0
$\begingroup$

I want to read, study statistically and modify numerical images.

During school i used to work with built in functions in MATLAB. I don't have this possibility anymore.

Now i want tout resume my work. I want to know where to begin.

What langage should i use (i know some R, python and c) ? What package would be interesting ? What book/course should I read to improve my basic knowledge of numerical image, formats, metrics ? (Not affraid of advanced ressources)

$\endgroup$
1
$\begingroup$

If you are interested in open source, then I would strongly advocate Python. Not so much for the language itself, but for frameworks/libraries: scipy and scikit-learn on the one side, and OpenCV (you have a interface to OpenCV, cv2, which is also integrated with NumPy so you can develop numerical algorithms with nearly as much ease as with MatLab).

Maybe the nicest thing is that, since both scipy and cv2 build upon Python and Numpy, you even get to use them at the same time, within the same environment.

Together with IPython you have a nice development environment. If you work under Windows check WinPython or PythonXY. They provide all you need

$\endgroup$
3
  • $\begingroup$ Thanks for answering my two first questions precisely and with justifications. $\endgroup$ – lcrmorin May 21 '14 at 12:49
  • $\begingroup$ If you have any advice for the last question (courses over image format, metrics). $\endgroup$ – lcrmorin May 21 '14 at 12:53
  • $\begingroup$ This one szeliski.org/Book is freely available (well, at least the draft) and is up-to-date. Otherwise there are tons of them. Depending on your interests I would check what people advice for their lectures in university $\endgroup$ – jpmuc May 21 '14 at 15:53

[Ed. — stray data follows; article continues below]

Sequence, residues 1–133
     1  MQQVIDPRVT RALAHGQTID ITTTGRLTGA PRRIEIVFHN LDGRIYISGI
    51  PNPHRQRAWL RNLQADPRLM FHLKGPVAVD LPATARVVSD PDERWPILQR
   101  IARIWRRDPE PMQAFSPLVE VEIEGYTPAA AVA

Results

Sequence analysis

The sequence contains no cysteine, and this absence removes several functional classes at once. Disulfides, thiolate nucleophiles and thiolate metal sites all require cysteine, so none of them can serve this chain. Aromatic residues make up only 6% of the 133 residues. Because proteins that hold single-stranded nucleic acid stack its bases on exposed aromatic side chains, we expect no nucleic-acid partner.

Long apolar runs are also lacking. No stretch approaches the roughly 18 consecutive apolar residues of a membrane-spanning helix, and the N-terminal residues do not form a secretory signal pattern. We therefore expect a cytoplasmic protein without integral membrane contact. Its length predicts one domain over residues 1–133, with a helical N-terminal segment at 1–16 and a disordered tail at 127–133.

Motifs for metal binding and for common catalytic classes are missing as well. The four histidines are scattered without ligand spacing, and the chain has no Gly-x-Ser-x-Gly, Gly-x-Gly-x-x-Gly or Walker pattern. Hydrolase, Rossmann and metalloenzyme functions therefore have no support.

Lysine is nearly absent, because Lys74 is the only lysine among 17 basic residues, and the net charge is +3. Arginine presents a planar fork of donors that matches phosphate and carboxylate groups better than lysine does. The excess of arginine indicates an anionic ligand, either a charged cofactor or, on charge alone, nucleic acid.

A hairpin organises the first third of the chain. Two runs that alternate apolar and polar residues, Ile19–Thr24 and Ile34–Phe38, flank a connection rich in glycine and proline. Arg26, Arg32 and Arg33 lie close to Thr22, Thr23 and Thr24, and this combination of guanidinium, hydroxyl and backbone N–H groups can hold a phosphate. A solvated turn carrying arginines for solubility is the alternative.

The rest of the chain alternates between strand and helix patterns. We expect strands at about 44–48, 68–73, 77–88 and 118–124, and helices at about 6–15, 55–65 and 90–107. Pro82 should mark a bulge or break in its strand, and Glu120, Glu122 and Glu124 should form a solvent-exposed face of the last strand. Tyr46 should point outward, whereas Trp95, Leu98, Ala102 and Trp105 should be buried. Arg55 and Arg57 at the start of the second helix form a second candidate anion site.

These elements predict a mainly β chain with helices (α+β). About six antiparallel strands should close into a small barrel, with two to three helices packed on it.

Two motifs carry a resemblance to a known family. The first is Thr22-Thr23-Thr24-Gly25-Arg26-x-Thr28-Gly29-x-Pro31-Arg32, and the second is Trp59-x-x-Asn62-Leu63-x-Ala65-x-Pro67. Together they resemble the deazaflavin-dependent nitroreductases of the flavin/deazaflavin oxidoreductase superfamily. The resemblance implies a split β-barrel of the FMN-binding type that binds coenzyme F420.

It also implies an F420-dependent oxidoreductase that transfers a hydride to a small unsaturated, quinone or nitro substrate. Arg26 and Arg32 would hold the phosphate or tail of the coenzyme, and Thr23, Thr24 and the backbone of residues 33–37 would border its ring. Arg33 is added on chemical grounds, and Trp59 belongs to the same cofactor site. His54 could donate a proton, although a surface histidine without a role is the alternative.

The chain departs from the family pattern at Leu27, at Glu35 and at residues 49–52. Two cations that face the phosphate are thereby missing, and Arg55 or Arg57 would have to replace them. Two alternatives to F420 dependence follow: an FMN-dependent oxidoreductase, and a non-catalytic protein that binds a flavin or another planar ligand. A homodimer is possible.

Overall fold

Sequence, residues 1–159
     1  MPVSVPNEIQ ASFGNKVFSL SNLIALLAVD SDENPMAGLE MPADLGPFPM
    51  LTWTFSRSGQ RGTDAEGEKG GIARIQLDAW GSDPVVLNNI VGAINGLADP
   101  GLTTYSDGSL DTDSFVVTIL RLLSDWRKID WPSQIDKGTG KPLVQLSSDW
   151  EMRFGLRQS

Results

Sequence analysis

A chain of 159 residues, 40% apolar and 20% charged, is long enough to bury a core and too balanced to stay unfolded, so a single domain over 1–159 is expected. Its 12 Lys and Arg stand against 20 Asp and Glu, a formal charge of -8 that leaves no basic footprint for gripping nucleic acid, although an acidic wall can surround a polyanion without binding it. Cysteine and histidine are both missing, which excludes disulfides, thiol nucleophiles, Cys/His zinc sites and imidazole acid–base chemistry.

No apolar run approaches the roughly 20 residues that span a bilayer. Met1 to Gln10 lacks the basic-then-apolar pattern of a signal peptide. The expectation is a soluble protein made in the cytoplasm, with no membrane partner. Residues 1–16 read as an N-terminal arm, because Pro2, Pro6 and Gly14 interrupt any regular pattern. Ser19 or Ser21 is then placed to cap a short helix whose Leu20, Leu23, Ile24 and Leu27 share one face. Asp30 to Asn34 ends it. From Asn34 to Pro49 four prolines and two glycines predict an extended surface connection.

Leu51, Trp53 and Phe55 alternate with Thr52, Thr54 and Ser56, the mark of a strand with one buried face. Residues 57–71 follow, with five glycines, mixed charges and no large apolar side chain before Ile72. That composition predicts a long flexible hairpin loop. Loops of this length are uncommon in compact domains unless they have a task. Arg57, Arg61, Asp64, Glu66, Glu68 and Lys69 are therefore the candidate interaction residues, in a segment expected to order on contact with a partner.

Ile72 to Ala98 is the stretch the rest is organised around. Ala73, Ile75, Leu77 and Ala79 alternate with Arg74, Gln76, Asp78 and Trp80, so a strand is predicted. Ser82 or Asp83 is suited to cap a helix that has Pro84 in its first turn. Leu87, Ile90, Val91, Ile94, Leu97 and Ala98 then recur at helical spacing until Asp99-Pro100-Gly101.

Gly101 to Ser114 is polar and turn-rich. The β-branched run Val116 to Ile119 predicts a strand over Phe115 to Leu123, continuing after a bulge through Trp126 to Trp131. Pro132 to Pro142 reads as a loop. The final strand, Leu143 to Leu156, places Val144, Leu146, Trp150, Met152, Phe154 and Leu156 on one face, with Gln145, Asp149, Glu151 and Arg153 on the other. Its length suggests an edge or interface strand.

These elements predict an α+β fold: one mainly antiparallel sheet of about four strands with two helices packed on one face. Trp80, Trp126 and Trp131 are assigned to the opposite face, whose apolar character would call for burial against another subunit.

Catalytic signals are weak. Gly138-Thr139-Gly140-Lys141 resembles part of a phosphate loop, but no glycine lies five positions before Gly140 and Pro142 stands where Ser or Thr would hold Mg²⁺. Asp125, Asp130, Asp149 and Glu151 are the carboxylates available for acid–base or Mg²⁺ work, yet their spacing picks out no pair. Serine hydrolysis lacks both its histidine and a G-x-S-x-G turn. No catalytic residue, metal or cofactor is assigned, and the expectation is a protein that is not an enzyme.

0
$\begingroup$

If you're used to MATLAB, go ahead and use GNU Octave:

GNU Octave is a high-level interpreted language, primarily intended for numerical computations. It provides capabilities for the numerical solution of linear and nonlinear problems, and for performing other numerical experiments. It also provides extensive graphics capabilities for data visualization and manipulation. GNU Octave is normally used through its interactive interface (CLI and GUI), but it can also be used to write non-interactive programs. The GNU Octave language is quite similar to Matlab so that most programs are easily portable.

It extends MATLAB syntax, and more importantly, it is free software. You can read its source code if you want to understand in depth what the image processing functions are doing.

The latest release is GNU Octave 3.8, it includes an official GUI.

$\endgroup$
2
  • $\begingroup$ What would be the advantages of octave over R (in which i am proficient) ? $\endgroup$ – lcrmorin May 21 '14 at 12:47
  • $\begingroup$ @lmorin: I understood you're proficient in MATLAB. Comparing languages is often of little value. If you experiment both, you'll see the advantages with your own eyes. Nonetheless, I personally dislike the entire R language, it's a mess. Furthermore, you mentioned image processing in the beginning, as far as I know, GNU Octave is better suited than R for such niche. $\endgroup$ – juliohm May 21 '14 at 20:34
-1
$\begingroup$

Indeed, Octave is good replacement for Matlab.

for data mining and related exercises, I personnaly use a lot R and perl.

$\endgroup$
1
  • $\begingroup$ Indeed, my reply was not that good. Any data mining needs some preparation steps on data (ETL for extract, transform, load). I use perl for that purposes. In addition, analysis in itself might be good with Octave if you are used to Matlab; it might also use other tools like R. Any tool has his pros and cons, you should try and take your own conclusions. $\endgroup$ – Michael Hooreman May 22 '14 at 20:59

Your Answer

By clicking “Post Your Answer”, you agree to our terms of service, privacy policy and cookie policy

Not the answer you're looking for? Browse other questions tagged or ask your own question.